By the late 19th century the practice of cremation was becoming widespread in parts of Western Europe and America; several rabbis approved of it whilst others condemned it. In 1892, for example, the Central Conference of American Rabbis resolved not to refuse to officiate at the cremation of a departed co-religionist if invited to do so. In 1887 Rabbi N M Adler, Chief Rabbi of the United Synagogue, though opposed to cremation itself, permitted the ashes of a Jewish person to be interred in a Jewish cemetery, a concession subsequently discontinued.

Thus, it can be seen that there are different ways of dealing with the question of providing a dignified disposal of a human body. Cremation in its modern form is but one of these. Whilst burial in the ground remains the norm, we have no ideological conflict with the custom which is now popularly accepted by many as clean and appropriate to modern conditions.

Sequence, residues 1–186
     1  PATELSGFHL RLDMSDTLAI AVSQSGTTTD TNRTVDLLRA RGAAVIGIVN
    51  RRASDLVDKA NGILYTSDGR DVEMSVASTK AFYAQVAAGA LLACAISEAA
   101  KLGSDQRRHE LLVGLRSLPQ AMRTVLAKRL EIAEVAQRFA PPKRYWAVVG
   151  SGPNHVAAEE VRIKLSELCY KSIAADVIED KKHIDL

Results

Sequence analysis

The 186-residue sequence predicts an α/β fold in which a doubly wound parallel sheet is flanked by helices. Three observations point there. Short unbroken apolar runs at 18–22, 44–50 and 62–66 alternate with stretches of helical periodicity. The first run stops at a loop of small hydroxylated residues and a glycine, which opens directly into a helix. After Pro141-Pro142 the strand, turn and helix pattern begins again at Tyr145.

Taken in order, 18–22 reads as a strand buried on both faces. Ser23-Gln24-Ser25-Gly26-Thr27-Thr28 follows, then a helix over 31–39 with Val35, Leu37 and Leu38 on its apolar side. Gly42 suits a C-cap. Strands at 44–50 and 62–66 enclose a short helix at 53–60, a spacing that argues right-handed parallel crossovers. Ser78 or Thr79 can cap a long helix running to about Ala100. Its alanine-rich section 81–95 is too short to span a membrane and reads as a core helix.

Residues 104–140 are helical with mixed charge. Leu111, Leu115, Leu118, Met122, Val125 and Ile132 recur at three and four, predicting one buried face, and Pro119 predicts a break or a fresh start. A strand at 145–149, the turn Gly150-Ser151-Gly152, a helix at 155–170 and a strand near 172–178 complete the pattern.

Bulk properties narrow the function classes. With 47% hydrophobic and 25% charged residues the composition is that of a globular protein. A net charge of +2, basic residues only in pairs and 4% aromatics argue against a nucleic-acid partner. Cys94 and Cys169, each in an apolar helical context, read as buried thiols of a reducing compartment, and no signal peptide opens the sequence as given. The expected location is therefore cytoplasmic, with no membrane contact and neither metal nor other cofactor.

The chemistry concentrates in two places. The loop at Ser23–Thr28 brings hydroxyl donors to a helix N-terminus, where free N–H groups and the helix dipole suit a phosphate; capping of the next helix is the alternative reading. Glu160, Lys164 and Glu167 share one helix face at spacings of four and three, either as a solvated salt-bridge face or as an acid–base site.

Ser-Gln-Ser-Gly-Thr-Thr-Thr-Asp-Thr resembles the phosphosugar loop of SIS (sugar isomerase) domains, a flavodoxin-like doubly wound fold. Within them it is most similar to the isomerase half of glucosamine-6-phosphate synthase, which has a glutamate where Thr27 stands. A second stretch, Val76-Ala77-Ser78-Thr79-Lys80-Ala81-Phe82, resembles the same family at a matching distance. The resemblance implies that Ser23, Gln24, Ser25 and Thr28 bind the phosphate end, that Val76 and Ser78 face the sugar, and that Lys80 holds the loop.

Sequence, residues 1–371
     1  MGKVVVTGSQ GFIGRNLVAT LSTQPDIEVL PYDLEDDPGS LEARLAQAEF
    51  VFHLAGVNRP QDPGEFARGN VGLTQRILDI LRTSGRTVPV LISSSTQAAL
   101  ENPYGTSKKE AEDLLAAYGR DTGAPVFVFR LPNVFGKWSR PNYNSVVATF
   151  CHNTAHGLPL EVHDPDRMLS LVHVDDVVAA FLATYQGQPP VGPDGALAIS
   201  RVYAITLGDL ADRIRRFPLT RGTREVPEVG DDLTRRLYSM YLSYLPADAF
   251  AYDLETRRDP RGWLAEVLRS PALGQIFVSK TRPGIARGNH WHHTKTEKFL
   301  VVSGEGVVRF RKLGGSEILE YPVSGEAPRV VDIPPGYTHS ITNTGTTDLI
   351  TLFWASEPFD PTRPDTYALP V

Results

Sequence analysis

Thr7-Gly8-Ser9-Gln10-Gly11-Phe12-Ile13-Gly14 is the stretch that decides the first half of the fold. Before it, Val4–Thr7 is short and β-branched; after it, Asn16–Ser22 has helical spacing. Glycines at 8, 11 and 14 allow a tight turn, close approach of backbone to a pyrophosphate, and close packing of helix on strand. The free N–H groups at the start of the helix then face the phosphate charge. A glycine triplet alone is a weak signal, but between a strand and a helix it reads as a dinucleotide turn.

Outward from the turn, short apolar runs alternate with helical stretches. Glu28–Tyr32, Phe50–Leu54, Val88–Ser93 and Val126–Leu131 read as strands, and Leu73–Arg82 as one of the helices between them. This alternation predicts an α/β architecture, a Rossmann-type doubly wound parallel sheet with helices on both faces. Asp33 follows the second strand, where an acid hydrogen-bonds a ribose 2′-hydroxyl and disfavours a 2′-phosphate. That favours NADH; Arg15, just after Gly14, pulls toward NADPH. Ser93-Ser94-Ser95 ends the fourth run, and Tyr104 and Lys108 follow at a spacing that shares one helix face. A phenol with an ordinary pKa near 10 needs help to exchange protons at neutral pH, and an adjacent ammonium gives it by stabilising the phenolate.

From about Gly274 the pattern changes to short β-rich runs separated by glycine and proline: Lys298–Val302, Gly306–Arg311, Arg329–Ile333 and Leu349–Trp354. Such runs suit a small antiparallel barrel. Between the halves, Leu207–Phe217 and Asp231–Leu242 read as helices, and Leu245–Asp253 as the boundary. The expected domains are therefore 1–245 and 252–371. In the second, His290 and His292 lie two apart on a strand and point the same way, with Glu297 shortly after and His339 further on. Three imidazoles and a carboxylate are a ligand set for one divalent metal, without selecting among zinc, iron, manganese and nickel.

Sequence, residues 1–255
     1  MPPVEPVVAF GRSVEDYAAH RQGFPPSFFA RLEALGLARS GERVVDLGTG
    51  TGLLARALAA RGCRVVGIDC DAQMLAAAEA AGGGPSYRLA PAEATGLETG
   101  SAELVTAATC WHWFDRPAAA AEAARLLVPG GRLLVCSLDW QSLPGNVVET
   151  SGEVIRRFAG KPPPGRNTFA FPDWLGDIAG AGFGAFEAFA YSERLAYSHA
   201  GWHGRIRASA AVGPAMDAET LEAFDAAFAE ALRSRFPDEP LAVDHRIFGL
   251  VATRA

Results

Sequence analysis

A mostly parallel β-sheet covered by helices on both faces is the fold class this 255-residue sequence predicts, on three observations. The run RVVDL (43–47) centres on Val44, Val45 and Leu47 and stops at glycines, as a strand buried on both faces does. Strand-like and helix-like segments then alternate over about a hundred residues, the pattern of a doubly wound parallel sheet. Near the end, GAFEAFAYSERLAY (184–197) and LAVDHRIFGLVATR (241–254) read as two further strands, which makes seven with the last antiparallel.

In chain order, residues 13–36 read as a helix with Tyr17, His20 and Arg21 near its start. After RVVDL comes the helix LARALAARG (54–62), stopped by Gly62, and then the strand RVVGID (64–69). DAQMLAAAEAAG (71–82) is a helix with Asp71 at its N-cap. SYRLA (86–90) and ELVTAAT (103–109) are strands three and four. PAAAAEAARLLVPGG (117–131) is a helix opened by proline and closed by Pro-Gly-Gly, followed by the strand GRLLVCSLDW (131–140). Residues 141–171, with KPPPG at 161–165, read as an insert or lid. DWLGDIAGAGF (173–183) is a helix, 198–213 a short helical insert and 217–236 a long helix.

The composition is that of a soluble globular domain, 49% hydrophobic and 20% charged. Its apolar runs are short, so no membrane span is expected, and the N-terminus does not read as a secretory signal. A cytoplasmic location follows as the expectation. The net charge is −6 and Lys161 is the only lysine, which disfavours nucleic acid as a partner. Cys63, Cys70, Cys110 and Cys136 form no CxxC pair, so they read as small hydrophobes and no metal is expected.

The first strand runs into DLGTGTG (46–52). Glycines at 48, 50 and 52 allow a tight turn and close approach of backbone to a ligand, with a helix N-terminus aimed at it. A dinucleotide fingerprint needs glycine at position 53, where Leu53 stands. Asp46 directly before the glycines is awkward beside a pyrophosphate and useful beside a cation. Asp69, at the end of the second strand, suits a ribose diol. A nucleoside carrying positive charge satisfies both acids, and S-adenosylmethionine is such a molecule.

The Body
The body is the container which holds the soul throughout life. When the soul has departed, the dead body is termed “unclean” in Jewish law which simply means that it is in the wrong place or in an incorrect state of being. A body that is alive is a person, to be treated with dignity and respect as a human being; a body that is dead is a corpse, equally to be treated with dignity and respect, but to be removed from where it does not belong. One should show kibbud hameit (respect to the dead) and most of the arguments surrounding cremation revolve around the meaning of this term.